Nathan wrote:Sure, not everyone wants or needs to live in an apartment (which, by the way, aren't "shoeboxes" in Adelaide), but we shouldn't be encouraging new developments that are barely removed from 1960's urban planning. Low density suburbs that require a car just to go buy a carton of milk, let alone get to work, are a bad outcome for lower income earners. A cheap home is no longer cheap when every one in the family over 16 has to run and own a car out of necessity. Never mind the quality of homes these project home builders build these days is poorly designed rubbish. There absolutely should be homes for people at that level of affordability, but that shouldn't be at the expense of quality, location and infrastructure.rev wrote:And where would you like people to live? Do you think everyone can afford to get a home loan as big as you can? Do you think everyone wants to live in a shoebox apartment?Nathan wrote:Yay. Another low density suburb by a project home builder anchored by a box shopping centre surrounded by car parking.
There's a market for these developments, just like there's a growing market for apartment living. This whole "omg more sprawl" bullshit is as bad if not worse then the parklands preservation muppets sooking.
Get over it already.
Well what do you suggest be done?
Where would you build thousands of homes for people to live in, for a growing population?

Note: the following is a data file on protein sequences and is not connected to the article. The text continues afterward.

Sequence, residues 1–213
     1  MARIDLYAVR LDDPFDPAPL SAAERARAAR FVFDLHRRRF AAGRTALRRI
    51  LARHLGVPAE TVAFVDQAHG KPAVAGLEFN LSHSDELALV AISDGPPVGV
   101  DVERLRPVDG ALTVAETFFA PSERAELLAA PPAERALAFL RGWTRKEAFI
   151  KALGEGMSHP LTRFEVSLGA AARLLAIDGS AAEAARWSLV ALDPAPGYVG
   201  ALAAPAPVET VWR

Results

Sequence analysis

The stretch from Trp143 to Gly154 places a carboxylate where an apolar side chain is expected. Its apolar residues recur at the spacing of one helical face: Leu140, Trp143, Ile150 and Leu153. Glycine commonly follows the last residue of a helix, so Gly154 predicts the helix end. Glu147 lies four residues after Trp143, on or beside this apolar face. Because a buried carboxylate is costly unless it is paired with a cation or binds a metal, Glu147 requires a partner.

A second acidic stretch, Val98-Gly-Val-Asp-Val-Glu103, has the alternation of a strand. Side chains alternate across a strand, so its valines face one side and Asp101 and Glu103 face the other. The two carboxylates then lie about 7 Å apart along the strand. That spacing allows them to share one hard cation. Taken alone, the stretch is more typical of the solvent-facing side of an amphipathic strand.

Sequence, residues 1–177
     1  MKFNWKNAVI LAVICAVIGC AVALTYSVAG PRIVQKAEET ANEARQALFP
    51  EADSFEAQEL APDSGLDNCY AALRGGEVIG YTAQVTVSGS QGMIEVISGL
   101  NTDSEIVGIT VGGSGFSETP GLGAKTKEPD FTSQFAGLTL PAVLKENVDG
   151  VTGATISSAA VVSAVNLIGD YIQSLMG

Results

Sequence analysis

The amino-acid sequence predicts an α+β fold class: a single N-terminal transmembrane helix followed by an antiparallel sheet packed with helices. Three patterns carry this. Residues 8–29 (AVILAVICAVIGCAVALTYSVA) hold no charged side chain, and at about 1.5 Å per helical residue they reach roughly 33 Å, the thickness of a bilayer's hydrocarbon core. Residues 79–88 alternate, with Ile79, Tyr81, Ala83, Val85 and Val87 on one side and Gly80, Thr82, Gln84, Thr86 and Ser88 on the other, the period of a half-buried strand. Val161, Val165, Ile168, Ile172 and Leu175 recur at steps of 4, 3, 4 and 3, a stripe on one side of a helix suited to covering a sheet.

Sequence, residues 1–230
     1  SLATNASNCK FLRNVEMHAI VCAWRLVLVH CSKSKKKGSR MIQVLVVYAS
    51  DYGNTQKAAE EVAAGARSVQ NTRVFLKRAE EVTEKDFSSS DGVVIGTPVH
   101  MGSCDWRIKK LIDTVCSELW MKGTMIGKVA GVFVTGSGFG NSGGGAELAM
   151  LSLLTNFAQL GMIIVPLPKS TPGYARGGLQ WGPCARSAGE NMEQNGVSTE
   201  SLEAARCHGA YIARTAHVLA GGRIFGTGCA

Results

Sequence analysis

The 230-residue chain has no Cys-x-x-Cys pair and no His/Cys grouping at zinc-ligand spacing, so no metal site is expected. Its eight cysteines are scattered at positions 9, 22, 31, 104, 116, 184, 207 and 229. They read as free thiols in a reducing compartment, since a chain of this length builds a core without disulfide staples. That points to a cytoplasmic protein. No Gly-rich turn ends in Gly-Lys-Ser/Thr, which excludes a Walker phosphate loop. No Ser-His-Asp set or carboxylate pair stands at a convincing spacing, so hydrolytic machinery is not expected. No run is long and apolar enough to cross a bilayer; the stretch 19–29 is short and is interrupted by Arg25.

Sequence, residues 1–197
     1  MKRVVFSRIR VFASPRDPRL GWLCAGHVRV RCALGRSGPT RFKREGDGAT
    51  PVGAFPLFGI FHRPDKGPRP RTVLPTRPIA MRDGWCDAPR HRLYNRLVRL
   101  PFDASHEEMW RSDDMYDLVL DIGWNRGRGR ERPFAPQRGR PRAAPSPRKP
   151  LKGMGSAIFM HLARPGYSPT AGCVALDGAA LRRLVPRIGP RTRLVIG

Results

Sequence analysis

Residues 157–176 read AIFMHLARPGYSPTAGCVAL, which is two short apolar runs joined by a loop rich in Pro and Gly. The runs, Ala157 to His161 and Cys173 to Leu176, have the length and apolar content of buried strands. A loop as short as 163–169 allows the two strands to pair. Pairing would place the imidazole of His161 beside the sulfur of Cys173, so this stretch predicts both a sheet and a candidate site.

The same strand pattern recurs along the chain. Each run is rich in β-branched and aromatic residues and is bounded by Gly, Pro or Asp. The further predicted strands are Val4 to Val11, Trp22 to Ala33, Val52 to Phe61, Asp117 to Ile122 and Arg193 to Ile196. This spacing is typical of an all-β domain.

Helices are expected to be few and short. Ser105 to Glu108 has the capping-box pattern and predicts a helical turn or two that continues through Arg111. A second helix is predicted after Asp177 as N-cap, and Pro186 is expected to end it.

Show us how you would bring the cost of these new homes so they are as affordable as the new suburbs going up in the north.
How many homes do you think you can fit on the corner of Regency and Days roads?
How many homes do you think you can fit on the corner of Regency and Churchill roads?
Know of any large empty parcels of land in existing surburbia?
The only other site identified for housing that I can think of is the former salt pans. But that site isn't going to be ready for a couple decades. What happens in the mean time? People sleep in their cars?
What should be done, should existing suburbs be bulldozed, and divided up into smaller and smaller blocks? Prices will still be high. Because someone has to purchase those homes first before bulldozing them, and then redo the drainage and other utilities to realign streets as there'll be smaller blocks and the purpose is to cram as many new homes in as possible so as to not keep expanding the metro area...and they'd want to at least make their money back.
Government you say? We all pay for that then through higher taxes, levies and fees.
And what's wrong with the quality of homes being built? They might not be to yours or my taste, but that doesn't mean there's anything wrong with them.
For some people, it's a matter of what they can afford, and living realistically within their means.
ps, you should probably pay attention to the majority of cars on our road. They are small cars. There's your number one reason why our car industry is going. Because people are buying smaller and smaller cars imported from overseas, and our local makes haven't kept up with the more appealing smaller cars coming in with their own small cars(rebadged pieces of crap mostly).
Most people can't afford a house close to the city, and they cant afford a big petrol guzzling car. They therefore have smaller cars for commuting to and from work. It's actually not that expensive. I know quite a few people who live in new developments in the north who drive small cars like Toyota Yaris and Honda Jazz for that reason.